The EU is writing new rules to force technology giants, including Google, Facebook, Amazon and Apple, to share their customer data with smaller competitors, Reuters says, citing an early draft of the bloc's upcoming Digital Services Act (DSA).
The DSA, which is expected to come into effect by the end of the year, will update rules and guidelines that were first adopted nearly 20 years ago, when most of the current players in the technology sector were either very small or did not exist.
The Act aims to set new rules on tech firms' responsibilities, particularly regarding their use of consumers' data and how they deal with illegal content on their platforms.
The early draft of the DSA seen by Reuters suggests that the EU wants big tech firms to stop giving preferential treatment to their own services on their platforms or sites.
The companies may also be asked to stop pre-installing their own apps on hardware devices, such as smartphone or laptops, or forcing third-party developers or hardware manufacturers to exclusively pre-install their applications.
The EU is drafting tougher rules that will prevent 'gatekeeper platforms' (firms with strategic market status) from using data collected on their platforms to target users, unless they share the data with their smaller competitors.
Another rule would ban such gatekeepers from blocking competitors that offer products to customers outside of the their own services or platform.
Tech giants would also be asked to have their advertising metrics and reporting practices audited by regulatory bodies once in a year.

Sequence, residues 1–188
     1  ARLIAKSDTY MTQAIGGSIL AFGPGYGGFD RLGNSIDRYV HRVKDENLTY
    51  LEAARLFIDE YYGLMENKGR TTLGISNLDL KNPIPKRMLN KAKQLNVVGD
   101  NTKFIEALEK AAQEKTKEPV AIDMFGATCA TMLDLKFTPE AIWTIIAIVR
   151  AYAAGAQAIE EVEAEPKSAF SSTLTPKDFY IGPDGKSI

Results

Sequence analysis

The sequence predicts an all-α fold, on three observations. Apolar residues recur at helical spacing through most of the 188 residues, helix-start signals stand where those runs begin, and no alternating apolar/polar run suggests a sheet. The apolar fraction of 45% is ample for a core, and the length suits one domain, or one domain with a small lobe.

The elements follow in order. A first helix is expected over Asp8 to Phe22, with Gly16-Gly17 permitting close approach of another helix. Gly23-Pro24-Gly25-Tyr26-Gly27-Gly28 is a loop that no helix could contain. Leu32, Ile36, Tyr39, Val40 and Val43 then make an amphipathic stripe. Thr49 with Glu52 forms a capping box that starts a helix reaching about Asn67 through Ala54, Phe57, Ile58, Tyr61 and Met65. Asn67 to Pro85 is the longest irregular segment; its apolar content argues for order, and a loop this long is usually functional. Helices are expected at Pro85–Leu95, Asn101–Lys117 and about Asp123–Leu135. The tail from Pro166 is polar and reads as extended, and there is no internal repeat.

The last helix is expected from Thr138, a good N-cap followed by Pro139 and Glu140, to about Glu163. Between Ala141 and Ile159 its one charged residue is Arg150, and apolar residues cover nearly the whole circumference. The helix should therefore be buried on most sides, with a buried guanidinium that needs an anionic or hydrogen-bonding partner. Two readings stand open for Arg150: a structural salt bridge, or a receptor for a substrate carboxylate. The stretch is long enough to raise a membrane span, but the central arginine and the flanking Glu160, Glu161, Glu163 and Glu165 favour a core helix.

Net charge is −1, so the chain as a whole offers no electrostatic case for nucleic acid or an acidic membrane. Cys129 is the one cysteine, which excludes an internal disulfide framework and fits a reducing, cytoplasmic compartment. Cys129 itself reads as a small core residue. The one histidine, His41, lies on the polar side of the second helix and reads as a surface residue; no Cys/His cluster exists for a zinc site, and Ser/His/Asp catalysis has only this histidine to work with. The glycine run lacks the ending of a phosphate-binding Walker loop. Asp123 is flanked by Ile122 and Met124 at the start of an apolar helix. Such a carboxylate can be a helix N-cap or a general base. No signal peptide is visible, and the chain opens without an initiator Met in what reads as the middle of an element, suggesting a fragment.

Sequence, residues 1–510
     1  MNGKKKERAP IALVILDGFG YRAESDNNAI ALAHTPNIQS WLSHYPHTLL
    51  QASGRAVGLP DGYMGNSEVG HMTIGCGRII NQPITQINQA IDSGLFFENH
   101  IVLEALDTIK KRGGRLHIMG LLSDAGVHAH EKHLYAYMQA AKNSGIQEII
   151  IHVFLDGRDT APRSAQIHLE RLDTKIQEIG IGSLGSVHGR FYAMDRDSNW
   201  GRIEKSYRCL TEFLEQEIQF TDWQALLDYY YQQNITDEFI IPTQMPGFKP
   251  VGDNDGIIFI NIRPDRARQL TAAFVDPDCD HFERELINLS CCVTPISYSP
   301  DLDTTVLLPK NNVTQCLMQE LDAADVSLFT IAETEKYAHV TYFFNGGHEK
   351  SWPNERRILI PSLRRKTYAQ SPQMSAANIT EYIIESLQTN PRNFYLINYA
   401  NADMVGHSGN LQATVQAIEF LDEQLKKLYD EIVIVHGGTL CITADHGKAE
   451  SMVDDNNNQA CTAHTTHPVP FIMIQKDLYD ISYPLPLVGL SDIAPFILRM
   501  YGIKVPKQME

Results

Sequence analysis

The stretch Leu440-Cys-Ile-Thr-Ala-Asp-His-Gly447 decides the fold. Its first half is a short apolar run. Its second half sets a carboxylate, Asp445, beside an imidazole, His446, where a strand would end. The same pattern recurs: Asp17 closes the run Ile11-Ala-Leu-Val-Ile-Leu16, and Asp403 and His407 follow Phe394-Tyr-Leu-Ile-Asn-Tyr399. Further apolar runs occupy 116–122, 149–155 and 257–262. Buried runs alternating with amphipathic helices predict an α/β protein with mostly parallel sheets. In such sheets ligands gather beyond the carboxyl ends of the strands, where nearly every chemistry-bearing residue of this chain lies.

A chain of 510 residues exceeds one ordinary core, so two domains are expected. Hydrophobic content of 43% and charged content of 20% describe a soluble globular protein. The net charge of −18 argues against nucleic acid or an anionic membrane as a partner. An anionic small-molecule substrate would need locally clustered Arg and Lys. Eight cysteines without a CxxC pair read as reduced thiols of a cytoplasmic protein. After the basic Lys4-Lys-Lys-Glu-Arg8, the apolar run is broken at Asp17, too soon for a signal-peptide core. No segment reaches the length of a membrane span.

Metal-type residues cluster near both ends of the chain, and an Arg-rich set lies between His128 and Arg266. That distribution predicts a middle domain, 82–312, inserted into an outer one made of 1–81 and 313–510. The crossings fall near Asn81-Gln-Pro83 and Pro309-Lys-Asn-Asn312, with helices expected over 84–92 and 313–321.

Last month, EU commissioner Thierry Breton told the Financial Times that the EU was seeking to give itself new powers to penalise big tech firms
Breton said that the proposed powers, which would only be used in extreme conditions, include breaking up technology firms or asking them to sell some of their operations in the region.
"There is a feeling from end users of these platforms that they are too big to care," Breton said.
In a blog post published last month, Google said that it supports measures that allow users/customers to move between platforms without losing access to their data.
"As we look to the future, it's important that regulation keeps pace with change, and Google supports Europe's effort to create a more responsible, innovative and helpful internet for everyone," the company said.
"Well-designed regulation gives consumers confidence that their interests are being protected as they shop, search and socialise online. It also provides businesses with protection from opaque or unfair practices."
In recent years, major tech companies have faced criticism from lawmakers and the public over similar issues, including their market dominance and handling of users' data.
Last year, the US Federal Trade Commission imposed a $5 billion fine on Facebook over the sharing of user data with political consultancy Cambridge Analytica. The EU also fined Google €1.5 billion in 2019 over anti-competitive conduct by AdSense.
In 2018, the EU fined Google a record €4.3 billion, over claims of Android market abuse.
The European Union says the powers it wants, including the ability to break up large tech firms, would only be used in extreme circumstances
The developer says Apple's App Store represents a 'monopoly' and has filed a preliminary injunction against the firm
Britain introduced the Digital Services Tax in April, due to slow progress on a global agreement about how to tax tech giants like Facebook
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